Q One of the problems with schedule 8 to the 2013 Act is that it refers to a number of other bits of legislation. I am not sure whether inspectors’ current powers that are switched off in relation to nuclear safeguarding could simply be transposed into being switched on, bearing in mind what the 2013 Act says about other constraints on inspectors relating to other Acts. I do not know whether that coincides with your concerns about what might or might not be in the legislation, or whether it needs to be achieved by physically placing all of what is in the 2013 Act plus anything else necessary in the Bill or whether that could be achieved by other means. I still have some doubt in my mind. Do you share that doubt, or do you have a better idea about how to do it?

Sue Ferns:

I am not an expert on how to draft legislation, but I understand you are asking whether we should take the schedule from the Energy Act 2013 and put it in the Bill, along with any other points that may need to be included. That is certainly our preference, and it is certainly the preference of the members we represent in these roles.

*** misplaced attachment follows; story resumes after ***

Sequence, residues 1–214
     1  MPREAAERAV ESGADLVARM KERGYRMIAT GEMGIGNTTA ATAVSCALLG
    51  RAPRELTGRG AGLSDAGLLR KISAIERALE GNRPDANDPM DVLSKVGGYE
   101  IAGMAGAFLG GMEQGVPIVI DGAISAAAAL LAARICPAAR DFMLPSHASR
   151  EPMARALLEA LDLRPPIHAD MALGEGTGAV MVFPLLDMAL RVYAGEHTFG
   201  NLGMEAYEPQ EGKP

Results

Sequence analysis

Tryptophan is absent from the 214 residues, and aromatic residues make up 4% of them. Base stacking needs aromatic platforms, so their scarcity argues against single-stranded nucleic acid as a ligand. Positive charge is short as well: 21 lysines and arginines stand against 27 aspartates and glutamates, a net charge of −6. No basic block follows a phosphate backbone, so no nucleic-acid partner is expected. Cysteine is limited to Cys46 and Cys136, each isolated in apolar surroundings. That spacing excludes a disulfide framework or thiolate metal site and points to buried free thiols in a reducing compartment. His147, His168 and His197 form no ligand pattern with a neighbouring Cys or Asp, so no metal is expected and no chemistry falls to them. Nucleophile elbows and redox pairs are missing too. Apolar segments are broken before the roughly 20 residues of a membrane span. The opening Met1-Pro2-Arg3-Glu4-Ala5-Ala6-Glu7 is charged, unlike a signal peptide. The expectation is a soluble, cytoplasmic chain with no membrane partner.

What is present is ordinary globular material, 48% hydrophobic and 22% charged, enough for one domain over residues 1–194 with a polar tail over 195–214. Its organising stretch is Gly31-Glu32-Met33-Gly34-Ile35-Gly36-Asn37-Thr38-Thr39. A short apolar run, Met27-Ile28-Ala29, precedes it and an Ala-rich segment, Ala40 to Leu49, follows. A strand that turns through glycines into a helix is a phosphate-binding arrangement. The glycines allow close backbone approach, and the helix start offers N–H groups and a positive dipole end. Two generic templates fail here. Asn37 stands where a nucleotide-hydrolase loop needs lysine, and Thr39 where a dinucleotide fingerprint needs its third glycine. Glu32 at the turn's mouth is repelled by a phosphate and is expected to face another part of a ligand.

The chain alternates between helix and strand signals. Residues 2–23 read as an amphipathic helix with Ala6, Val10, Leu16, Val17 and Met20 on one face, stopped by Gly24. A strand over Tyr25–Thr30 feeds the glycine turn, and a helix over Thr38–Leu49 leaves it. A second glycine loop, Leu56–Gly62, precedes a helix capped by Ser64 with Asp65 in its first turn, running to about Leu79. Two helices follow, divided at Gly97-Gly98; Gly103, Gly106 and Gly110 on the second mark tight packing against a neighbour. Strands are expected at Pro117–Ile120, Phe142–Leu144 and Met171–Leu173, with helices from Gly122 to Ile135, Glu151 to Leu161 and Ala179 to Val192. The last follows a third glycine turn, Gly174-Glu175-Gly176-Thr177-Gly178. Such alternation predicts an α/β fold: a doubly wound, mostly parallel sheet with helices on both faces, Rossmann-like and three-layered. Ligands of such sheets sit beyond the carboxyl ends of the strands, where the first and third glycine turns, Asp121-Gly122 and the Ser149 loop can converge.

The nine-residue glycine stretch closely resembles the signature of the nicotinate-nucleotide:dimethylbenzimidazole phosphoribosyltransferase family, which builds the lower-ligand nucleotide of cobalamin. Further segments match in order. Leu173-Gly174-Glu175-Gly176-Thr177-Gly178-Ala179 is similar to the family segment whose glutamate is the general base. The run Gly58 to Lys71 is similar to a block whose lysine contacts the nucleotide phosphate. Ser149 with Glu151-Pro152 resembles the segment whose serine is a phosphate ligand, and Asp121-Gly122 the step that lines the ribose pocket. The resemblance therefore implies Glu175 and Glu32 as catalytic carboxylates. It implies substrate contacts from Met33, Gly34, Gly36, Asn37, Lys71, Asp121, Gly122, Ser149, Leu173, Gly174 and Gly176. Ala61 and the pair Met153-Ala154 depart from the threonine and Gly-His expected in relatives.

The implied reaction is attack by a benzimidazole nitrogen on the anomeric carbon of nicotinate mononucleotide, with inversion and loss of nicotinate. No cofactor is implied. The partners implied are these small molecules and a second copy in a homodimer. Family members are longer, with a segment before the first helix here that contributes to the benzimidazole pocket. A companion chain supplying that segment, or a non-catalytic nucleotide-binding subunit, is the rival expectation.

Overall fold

Kevin Coyne:

In addition, we would indicate that your knowledge is greater than ours at the moment on the 2013 Act. The importance of the inspectorate is its neutrality and independence. If you are saying that there is an element in there that is currently switched off that can be switched on, that would be an important contribution, but you must ensure that it has that neutrality and independence, because that is what gives status and quality to the current inspectorate through Euratom. I do not go to bed at night reading the 2013 Act, but I cannot remember it addressing the independence issue, which I think would be an important element.

Photo of Alan Whitehead Alan Whitehead Shadow Minister (Department for Business, Energy and Industrial Strategy) (Energy and Climate Change), Shadow Minister (Business, Energy and Industrial Strategy)

Q I want to get a better understanding of the duties and responsibilities—and, indeed, appointment and placement—of inspectors when we exit the EU. What view might the IAEA take about the readiness or otherwise of the regime when it considers the voluntary agreement that we will have to make with the IAEA when we exit Euratom? Is it your understanding that one of the things that the IAEA will consider is whether we are genuinely ready to undertake the additional work and reporting back to the IAEA rather than Euratom that the voluntary agreement would entail? The IAEA will either come to an agreement based on the fact that we look ready or, alternatively, say that more work is needed before we can come to an agreement. Presumably, however, an agreement will have to be reached by the time we exit the EU.